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Government jittery Analysts
19 November 2017. Thousands of people thronged the city of Harare to participate in the historic march to State House to get rid of President Robert Gabriel Mugabe who has been in power since independence in 1980. The march was preceded by a massive rally by all citizens which have been organized by the Zimbabwe National Liberation War Veterans Association led by Comrades Chris Mutsvangwa, Victor Matemadanda and Douglas Mahiya. Outside State House, the official residence, some people staged a sit-down protest in front of a line of troops. At the same time political parties, human rights organisations and citizens yesterday hailed the Zimbabwe Defence Force for guaranteeing safety of the people as they steeped in to restore sanity in Government. Picture:Moeletsi Mabe/Sunday Time


Trust in army, elected officials dwindles



Govt’s approach to economic crisis worries citizens

…Resort to religious escapism, pledge to vote CCC

THE majority of Zimbabweans say the government has failed to address economic challenges, create jobs and ensure price stability, with a huge percentage saying they would vote for the opposition Citizens’ Coalition for Change (CCC) if elections are held now, a survey has revealed.


 According to the survey by Afrobarometer, a pan-African, non-partisan, non-profit survey research network that provides reliable data on Africans’ experiences and evaluations of democracy, governance, and quality of life, the majority of Zimbabweans feel President Emmerson Mnangagwa’s government has fared “fairly badly” and “very badly” on key economic issues.

 “About three in 10 citizens (29%) prioritise government action on infrastructure and roads. By large majorities, Zimbabweans say the government is performing “fairly badly” or “very badly” on key economic issues, including: Keeping prices stable (87%), creating jobs (86%), narrowing gaps between rich and poor (79%),” the reports reads.

Mnangagwa came into power amid promises of millions of jobs, currency stability and instituting pro-poor policies, but four years on, the country’s unemployment rate is over 90%, with the poor bearing the brunt of a failing economy and currency instability.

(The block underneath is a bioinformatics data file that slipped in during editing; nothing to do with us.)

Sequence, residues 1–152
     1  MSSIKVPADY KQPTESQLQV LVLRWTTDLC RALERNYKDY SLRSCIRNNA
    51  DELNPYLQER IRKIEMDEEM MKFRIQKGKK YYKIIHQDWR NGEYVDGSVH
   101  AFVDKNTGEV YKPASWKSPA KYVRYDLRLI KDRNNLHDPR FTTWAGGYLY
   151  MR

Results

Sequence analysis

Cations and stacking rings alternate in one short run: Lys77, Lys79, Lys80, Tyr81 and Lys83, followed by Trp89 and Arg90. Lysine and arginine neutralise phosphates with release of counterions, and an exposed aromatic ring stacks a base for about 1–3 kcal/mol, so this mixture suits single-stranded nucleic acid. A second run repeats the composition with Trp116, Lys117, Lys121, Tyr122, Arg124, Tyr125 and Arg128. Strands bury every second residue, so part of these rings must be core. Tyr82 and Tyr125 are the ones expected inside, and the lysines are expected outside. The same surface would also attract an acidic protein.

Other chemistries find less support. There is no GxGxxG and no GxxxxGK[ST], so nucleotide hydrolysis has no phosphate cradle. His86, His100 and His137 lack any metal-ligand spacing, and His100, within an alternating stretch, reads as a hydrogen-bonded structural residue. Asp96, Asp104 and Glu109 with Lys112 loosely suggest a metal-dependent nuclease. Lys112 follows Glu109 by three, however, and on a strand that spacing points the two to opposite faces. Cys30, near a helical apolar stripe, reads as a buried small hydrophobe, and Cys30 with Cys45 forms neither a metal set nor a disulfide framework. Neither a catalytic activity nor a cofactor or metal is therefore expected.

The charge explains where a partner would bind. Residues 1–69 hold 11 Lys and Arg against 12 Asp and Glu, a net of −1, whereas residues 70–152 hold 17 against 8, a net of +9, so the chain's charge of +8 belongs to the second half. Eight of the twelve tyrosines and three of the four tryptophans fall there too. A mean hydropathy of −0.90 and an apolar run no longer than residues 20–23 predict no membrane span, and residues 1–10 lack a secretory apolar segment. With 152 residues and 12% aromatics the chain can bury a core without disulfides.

It also emerged that Zimbabweans are not happy about their socio-economic circumstances and want bread-and-butter issues to be addressed with urgency.

“Management of the economy (cited by 45% of respondents) and unemployment (43%) are the most important problems that Zimbabweans want their government to address. “Citizens lack faith in government institutions and view some of them as corrupt,” the survey reads.

The survey also revealed that Zimbabweans have lost trust in elected leaders, institutions and public figures and have resorted to trusting religious leaders.

“More Zimbabweans express trust in religious leaders than in their elected leaders, the military, or the police,” the survey reads.

The survey also revealed that while more rural residents than urbanites express trust in Mnangagwa, trust in opposition political parties (48%) is somewhat stronger than trust in the ruling party (44%).

On the approval rate of elected officials, the survey said about half (49%) of citizens disapprove of the performance of the President and the disapproval of the President’s job performance was most pronounced among poor citizens. Despite lack of faith in the Zimbabwe Electoral Commission, citizens believe that elections enable them to remove underperforming leaders.

The survey data show that two political parties dominate the country’s political landscape. When asked which party’s candidate they would vote for should imaginary elections be held tomorrow, 33% said they would vote for CCC and 30% for Zanu PF.

The Afrobarometer survey was conducted by the institution’s partner in Zimbabwe, the Mass Public Opinion Institute.

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